i would think, (from your tests) this is more of an old-wives-tale than reality, ... (but honestly i don't know)
I think it does act to lower the pH but after a few weeks the plants sucking out the co2 overrides the effect.

Also read on a canadian peat moss site that for soil it actually hold ammonia to be released later.

If that is true then it should also help trap ammonia in our tanks durint the initial cycle.

my .02
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Old 11-01-2013, 09:02 PM   #13
 
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When you clean your substrate once or twice a year as you stated.. about what percentage of your water volume would you say you tend to change? I'm just wondering how you clean it when you say you never do water changes..is there a certain amount that doesn't count? Or do you have one of those eheim vacs?

Does the tank by all appearances look clean when kept this way?
Sorry if this seems like an interrogation but I'm trying to get a complete view of your fish keeping method. Or maybe it's more the Aquarium keeping method then the fish themselves I'm "investigating" (Since I think for the most part we keep vastly different fish aside from maybe my kids 16g tank)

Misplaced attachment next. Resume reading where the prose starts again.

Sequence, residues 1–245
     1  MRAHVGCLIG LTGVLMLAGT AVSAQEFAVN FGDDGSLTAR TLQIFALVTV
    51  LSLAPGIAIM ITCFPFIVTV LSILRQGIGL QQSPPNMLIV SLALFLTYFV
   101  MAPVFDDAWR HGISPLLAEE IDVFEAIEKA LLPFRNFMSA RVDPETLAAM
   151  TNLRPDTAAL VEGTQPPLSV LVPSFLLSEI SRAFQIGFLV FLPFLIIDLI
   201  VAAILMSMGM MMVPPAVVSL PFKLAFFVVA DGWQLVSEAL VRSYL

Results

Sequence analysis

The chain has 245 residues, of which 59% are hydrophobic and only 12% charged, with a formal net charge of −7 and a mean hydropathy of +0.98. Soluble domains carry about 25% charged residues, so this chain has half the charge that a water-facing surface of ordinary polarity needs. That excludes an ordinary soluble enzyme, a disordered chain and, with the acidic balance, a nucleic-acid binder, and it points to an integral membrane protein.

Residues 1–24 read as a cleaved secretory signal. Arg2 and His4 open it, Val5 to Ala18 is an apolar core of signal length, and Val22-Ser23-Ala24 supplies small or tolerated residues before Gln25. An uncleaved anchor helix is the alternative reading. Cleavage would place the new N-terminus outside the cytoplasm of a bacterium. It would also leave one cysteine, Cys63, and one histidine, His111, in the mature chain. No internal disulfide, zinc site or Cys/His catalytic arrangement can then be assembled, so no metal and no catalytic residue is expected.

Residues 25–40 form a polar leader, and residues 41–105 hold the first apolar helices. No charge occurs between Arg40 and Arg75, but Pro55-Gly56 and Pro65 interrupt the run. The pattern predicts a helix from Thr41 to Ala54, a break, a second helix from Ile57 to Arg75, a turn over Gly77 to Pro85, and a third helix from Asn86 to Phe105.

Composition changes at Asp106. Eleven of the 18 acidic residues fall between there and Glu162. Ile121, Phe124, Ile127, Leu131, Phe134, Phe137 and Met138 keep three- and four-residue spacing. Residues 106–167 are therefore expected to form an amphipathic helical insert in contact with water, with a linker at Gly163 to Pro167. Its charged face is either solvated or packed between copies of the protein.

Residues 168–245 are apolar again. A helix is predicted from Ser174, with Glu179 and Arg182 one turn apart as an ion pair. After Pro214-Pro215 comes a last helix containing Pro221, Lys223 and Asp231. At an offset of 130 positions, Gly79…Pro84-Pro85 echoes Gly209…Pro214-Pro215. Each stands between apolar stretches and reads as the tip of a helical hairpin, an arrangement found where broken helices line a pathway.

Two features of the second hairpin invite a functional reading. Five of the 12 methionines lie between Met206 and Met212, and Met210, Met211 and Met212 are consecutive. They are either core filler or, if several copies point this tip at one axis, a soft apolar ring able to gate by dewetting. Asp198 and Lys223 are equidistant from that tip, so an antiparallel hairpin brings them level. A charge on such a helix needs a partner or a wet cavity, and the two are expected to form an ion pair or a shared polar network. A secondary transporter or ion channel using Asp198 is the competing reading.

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Old 11-01-2013, 11:15 PM   #14
 
i've heard humus does that, if i remember correctly, it's like MTS (mineralized top soil) without the mess, i also think it might have a source of ammonia for a nitrogen source for the plants, ... i'm a lot less sure about the ammonia part though
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Old 11-03-2013, 10:03 AM   #15
 
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When you clean your substrate once or twice a year as you stated.. about what percentage of your water volume would you say you tend to change? I'm just wondering how you clean it when you say you never do water changes..is there a certain amount that doesn't count? Or do you have one of those eheim vacs?